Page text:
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Zombie Litigation: How to survive the claims that simply will not die

View profile for Malcolm Niekirk
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Zombie Litigation: How to survive the claims that simply will not die

On Monday 11th October, Malcolm Niekirk held one of his popular Coffee Break Briefing Webinars.

In the webinar, Malcolm looked at Zombie Litigation (a fitting topic for October). He outlined how and why these cases break the stay and discussed the role of third parties, Atlantic Computers and CPR 31.

This is the summary from the presentation. If you’d like to watch it back, you can do so below. If not, read on for a summary.

To keep up to date with Insolvency Law and to be informed of upcoming Coffee Break Briefings, please sign up to our insolvency newsletter here.

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Zombie Litigation - What is it?

Zombie litigation? The company did something before you became liquidator. It’s nothing to do with you. Yet the writs keep coming!

These are claims which are:

  • Being brought against the bust company
  • Arise from something that happened pre-appointment
  • Not stayed in the insolvency proceedings

Zombie Litigation – What is it not?

  • Claims that are brought against you as office holder
    • Those claims, if legitimate, are outside the statutory stay
  • Claims arising from something that’s post appointment
    • Those, if legitimate (and against the bust company), may rank as expenses
  • Claims that are stayed in the insolvency proceedings
    • Legitimate claims against the office holder are not stayed
    • Legitimate claims for expenses are not stayed
      • (They may be claims within the insolvency proceedings)

What insolvency stays apply to litigation?

Why do formal procedures stay litigation?

  1. The pari-pasu rule couldn’t work unless you stayed proceedings. If litigation were to continue it would give creditors who continue with claims an unfair advantage.
  2. It allows the liquidator to get on with their job and not have to ‘fight fires’ and deal with court process.
  3. It maximises realisations for all creditors as it avoids:
    1. Your time being wasted as liquidator
    2. The need for you to deal with cases until there is a likelihood of paying a dividend on them
    3. Creditors having to appoint lawyers.

The way that the insolvency stay works differs from one procedure to another. But, step back far enough and they all look similar.


  • Proceedings can be stayed between petition and order (s285)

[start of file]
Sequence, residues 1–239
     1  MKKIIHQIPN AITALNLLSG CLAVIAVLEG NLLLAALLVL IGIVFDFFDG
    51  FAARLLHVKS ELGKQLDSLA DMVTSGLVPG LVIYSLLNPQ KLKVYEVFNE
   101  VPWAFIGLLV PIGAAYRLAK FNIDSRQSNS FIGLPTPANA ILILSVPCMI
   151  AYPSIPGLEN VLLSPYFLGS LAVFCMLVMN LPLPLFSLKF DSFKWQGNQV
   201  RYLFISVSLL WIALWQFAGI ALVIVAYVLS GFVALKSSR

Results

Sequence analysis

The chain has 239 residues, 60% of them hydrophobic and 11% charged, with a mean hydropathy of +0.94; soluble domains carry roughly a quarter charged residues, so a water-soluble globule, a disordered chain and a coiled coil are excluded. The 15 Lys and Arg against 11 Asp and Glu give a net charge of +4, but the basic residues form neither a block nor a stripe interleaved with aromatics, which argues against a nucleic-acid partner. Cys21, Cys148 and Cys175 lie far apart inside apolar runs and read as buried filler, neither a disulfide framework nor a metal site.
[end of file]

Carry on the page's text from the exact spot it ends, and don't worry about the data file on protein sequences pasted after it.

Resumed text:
• Enforcement is ineffective (‘void’) after the petition (s285)
  • The bankruptcy order stays all proceedings (s285)
    • The court can lift that stay (s285), conditionally, or unconditionally
    • Special rules for:
      • Incomplete execution (s346)
      • Bailiffs collecting rent arrears

Compulsory Liquidation

  • Proceedings can be stayed between petition and order (s126)
  • Enforcement is ineffective (‘void’) after the petition (s128)
  • The winding up order stays all proceedings (s130)
    • The court can lift that stay (s130(3)), conditionally, or unconditionally

Voluntary Liquidation

  • No automatic stay
    • Use s112 to activate the court’s powers, as if it were a compulsory liquidation
    • Then ask the court to impose a stay (as if s130 applied)
    • The court can lift that stay (s130(3)), conditionally, or unconditionally
  • This more likely to work for a CVL than an MVL


  • Automatic stay (para 43(6) of schedule B1)
    • Applies from the start of the appointment process
  • Can be lifted:
    • If the administrator allows
    • By a court order
    • Atlantic Computer principles apply

What types of claims are likely to break the stay?

What reasons might solicitors have for bringing claims against an insolvent company?

  • They don’t understand insolvency (unlikely to be the case, most litigation solicitors are cautious of insolvencies)
  • They want possession of an asset for their client
  • They want to enforce rights against a third party
    • Such as an insurance company
    • Under the Third Parties (Rights Against Insurers) Act 2010

Third Parties (Rights Against Insurers) Act 2010

The previous Act (1930) was replaced in 2016.

The basic principle behind the legislation is that some claims – those covered by insurance – are, in effect, taken out of the insolvency.

How does the Third Parties (Rights Against Insurers) Act 2010 work?

Think of a liquidation as being a way of providing insulation between the creditors and the assets.  The liquidator gathers in the assets and protects and preserves them.

The creditors are not entitled to make claims against the assets directly to seize them.  Instead, the liquidator mediates the claims of creditors and distributes the assets to the creditors in accordance with their entitlement.

What would happen if the legislation was not in place?

Some of the claims that the creditors are bringing might be contested claims, where liability is disputed and perhaps where quantum is disputed

These are the sort of claims that are sometimes covered by insurance.

Without this legislation, those insurance policies, and the compensation payable under them, would themselves be assets in the liquidation.

They would have to be paid to the liquidation.  The creditors whose claims are closely linked to the insurance policies would be unsecured creditors and would have to prove for a dividend on their claim.  In many cases they would receive as much compensation as they expected. 

The other creditors, who have no connection with the issues for which the insurance is being paid out, would receive a windfall which would fund a larger dividend for them.

What is the purpose of the Third Parties (Rights Against Insurers) Act 2010?

The Act takes the benefit of those insurance policies outside the liquidation.  Instead, the insurance companies pay the affected creditors directly. This removes the benefit of the insurance from the liquidation completely.

When is the act triggered?

The Act is triggered by any common insolvency procedure

  • Bankruptcy,
  • liquidation,
  • administration,
  • Vas, and others

What are the differences between the 1930 and 2010 Acts?

Under the 1930 Act, the third party had to establish liability against the insured bust company  before claiming against its insurer.